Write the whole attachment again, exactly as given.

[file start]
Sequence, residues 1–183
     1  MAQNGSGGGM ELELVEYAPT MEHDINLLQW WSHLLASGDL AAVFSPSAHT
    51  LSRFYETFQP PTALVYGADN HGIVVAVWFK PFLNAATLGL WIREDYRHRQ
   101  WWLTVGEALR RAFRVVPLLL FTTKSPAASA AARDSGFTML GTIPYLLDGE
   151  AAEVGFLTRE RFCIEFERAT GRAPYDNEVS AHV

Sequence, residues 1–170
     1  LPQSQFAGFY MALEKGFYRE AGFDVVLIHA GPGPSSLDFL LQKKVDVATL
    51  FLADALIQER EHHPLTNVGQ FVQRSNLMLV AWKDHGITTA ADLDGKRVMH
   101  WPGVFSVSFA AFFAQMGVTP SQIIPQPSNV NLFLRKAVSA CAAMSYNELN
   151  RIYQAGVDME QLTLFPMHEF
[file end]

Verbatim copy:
Sequence, residues 1–183
     1  MAQNGSGGGM ELELVEYAPT MEHDINLLQW WSHLLASGDL AAVFSPSAHT
    51  LSRFYETFQP PTALVYGADN HGIVVAVWFK PFLNAATLGL WIREDYRHRQ
   101  WWLTVGEALR RAFRVVPLLL FTTKSPAASA AARDSGFTML GTIPYLLDGE
   151  AAEVGFLTRE RFCIEFERAT GRAPYDNEVS AHV

Sequence, residues 1–170
     1  LPQSQFAGFY MALEKGFYRE AGFDVVLIHA GPGPSSLDFL LQKKVDVATL
    51  FLADALIQER EHHPLTNVGQ FVQRSNLMLV AWKDHGITTA ADLDGKRVMH
   101  WPGVFSVSFA AFFAQMGVTP SQIIPQPSNV NLFLRKAVSA CAAMSYNELN
   151  RIYQAGVDME QLTLFPMHEF